Violence Falls in May

Levels of violence fell slightly in Iraq last month. Over the course of May AKE documented at least 162 separate attacks around Iraq.  Incidents left at least 223 civilians and members of the security forces dead. Dozens more injured and the figure does not include militants and terrorists killed in police or army operations or during their own failed attacks. Violence was concentrated in key hotspots, with some parts of the country seeing regular attacks and some seeing virtually none at all.

Northern Violence
A quarter of the violent incidents took place in Ninawa province, mainly in the hostile city of Mosul. Diyala province was the next most violent part of the country, accounting for 18 per cent of all militant and terrorist attacks. Ta’mim province (where the hotly contested city of Kirkuk is located) accounted for 16 per cent of all incidents.

The Capital
Baghdad which normally sees a similar number of attacks to Mosul experienced a decline in violence. The capital accounted for 12 per cent of all attacks countrywide. Security measures were heightened for the UN Security Council conference on the Iranian nuclear programme which likely had a limiting effect on the opportunity of militants to operate. Conditions remained quiet until the very end of the month when a spate of attacks took place on 31 May.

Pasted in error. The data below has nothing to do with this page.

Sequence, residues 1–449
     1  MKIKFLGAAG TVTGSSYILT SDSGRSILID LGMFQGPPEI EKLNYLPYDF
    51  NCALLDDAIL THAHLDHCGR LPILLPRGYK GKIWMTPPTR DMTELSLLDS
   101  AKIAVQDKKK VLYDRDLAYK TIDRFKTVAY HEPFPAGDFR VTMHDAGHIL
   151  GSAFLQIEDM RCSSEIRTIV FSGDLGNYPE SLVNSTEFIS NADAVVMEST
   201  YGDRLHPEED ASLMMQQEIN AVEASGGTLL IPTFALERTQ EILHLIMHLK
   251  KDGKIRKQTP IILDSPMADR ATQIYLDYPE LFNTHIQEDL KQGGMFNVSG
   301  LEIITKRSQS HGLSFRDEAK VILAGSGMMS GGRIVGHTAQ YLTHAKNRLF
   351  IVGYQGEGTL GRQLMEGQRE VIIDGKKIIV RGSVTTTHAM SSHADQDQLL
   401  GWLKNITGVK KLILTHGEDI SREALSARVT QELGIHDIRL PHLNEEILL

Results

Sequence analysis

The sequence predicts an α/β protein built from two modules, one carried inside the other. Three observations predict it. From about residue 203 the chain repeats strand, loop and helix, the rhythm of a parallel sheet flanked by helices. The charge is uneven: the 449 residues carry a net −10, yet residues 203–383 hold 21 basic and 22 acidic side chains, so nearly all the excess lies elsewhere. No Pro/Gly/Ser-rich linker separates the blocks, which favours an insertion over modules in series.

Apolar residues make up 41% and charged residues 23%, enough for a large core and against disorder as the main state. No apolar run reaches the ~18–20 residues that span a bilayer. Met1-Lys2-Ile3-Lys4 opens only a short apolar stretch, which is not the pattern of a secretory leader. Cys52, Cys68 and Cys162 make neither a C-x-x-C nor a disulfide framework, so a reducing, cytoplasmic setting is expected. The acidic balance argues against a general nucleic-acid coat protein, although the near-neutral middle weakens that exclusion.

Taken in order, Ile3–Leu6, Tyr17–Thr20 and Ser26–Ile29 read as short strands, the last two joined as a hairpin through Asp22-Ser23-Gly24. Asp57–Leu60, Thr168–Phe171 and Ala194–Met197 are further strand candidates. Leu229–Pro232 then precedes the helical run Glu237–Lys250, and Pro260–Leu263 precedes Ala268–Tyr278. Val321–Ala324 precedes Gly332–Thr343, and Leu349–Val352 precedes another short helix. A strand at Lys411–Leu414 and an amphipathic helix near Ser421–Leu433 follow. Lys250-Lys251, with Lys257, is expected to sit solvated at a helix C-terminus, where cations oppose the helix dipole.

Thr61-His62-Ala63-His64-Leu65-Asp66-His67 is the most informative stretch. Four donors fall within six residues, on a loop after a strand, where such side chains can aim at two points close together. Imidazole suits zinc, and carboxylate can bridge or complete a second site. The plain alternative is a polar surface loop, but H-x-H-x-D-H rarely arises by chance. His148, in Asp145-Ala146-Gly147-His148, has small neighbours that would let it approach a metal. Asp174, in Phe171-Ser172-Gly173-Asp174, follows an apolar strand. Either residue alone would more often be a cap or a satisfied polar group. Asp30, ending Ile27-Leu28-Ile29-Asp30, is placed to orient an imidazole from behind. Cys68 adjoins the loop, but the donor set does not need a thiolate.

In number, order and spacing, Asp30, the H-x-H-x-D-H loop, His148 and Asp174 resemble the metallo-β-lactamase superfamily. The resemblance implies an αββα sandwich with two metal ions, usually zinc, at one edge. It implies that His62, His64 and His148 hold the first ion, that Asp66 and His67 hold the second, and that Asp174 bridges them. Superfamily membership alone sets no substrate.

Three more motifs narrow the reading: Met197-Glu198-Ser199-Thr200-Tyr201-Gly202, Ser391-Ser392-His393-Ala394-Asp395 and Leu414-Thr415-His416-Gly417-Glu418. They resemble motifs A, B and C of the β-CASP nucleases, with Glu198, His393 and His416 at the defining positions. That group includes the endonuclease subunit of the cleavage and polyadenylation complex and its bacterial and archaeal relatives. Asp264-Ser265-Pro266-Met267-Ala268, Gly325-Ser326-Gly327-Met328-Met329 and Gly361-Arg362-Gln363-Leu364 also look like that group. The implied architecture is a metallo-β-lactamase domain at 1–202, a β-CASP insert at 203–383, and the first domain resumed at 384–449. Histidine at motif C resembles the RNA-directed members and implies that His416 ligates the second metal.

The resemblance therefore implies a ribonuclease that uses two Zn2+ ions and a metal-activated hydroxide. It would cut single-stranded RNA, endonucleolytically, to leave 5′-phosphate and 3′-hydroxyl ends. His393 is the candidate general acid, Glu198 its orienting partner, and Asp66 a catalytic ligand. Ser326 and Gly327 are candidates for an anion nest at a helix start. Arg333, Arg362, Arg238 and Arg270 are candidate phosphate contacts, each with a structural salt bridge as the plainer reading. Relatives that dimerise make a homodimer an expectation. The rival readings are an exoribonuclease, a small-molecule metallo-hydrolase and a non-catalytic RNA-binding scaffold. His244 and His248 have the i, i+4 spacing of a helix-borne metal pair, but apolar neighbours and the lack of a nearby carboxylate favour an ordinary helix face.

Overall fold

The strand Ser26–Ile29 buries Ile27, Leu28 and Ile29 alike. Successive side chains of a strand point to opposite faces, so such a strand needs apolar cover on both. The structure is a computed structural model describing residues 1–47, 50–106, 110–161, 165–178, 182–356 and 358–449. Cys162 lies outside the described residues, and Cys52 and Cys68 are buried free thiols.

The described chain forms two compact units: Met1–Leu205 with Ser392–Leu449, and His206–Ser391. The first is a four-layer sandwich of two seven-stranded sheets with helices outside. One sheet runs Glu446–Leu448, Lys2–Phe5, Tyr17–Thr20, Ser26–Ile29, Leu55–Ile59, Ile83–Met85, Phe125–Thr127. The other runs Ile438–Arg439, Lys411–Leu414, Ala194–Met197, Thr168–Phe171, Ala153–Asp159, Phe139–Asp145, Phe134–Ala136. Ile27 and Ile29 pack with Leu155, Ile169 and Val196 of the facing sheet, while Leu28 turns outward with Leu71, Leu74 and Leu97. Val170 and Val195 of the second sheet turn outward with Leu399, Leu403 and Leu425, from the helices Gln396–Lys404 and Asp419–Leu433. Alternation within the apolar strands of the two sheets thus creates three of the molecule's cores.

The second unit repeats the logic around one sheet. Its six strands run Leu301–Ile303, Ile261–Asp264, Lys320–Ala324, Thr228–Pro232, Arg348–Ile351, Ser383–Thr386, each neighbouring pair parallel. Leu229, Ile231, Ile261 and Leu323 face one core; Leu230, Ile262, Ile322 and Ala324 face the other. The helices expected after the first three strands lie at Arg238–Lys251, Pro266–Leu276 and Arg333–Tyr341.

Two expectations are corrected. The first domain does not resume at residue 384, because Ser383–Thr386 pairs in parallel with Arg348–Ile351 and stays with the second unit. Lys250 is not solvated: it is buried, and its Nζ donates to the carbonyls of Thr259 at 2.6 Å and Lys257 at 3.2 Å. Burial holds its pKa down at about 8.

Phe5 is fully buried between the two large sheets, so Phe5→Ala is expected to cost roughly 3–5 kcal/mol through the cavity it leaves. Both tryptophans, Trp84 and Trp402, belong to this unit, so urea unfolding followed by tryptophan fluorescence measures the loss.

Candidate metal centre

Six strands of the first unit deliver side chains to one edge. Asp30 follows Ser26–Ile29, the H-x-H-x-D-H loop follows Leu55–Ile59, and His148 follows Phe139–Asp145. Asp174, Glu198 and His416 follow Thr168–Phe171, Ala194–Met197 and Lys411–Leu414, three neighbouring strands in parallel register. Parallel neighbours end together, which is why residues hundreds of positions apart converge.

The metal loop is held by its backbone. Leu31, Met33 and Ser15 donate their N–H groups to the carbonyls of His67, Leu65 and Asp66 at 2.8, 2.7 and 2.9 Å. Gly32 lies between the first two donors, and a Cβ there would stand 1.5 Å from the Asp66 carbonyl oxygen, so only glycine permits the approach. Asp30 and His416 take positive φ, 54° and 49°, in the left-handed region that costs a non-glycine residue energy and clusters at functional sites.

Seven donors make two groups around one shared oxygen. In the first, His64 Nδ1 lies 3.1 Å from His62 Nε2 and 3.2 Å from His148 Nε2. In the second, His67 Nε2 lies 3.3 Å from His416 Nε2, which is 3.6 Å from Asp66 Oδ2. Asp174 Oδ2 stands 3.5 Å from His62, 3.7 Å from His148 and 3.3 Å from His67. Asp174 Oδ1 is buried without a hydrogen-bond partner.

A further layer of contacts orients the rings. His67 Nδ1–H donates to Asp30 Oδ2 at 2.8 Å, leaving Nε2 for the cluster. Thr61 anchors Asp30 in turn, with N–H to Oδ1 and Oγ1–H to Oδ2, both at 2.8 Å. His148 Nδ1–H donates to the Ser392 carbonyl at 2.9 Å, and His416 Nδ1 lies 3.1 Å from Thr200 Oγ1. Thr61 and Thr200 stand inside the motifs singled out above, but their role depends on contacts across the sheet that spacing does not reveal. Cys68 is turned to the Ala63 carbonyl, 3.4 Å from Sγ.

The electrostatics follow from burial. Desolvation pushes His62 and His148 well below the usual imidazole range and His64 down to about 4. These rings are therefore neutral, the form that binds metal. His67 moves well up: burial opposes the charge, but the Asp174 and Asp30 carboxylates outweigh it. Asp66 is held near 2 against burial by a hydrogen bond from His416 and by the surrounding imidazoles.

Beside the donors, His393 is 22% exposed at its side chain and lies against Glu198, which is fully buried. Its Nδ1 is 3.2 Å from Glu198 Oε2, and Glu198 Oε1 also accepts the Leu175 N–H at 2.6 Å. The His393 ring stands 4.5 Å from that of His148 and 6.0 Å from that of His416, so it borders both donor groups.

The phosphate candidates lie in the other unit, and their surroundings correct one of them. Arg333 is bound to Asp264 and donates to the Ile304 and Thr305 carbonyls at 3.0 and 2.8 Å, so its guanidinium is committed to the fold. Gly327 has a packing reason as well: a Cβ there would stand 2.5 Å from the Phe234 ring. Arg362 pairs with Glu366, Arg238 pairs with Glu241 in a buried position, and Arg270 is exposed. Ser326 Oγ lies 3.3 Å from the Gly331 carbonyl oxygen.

Trends Elsewhere
Both Anbar and Salah ad-Din province also accounted for 12 per cent of all attacks each. They remain habitually violent parts of the country, with a persistent presence of local militant organisations. Basrah province in the south saw far less violence, accounting for only 2 per cent of all incidents recorded countrywide. This will likely be encouraging to the numerous energy and construction companies looking to work in the area. Security is much less of a concern in the region than other parts of the country. Wassit province accounted for 1 per cent while every other province saw either less than 1 per cent or no attacks at all. As previously documented, areas such as Kurdistan remain consistently quiet.

John Drake is a senior risk consultant with AKE, a British risk mitigation company working in Iraq since 2003. You can access AKE’s intelligence website Global Intake here, and you can obtain a free trial of AKE’s Iraq intelligence reports here.

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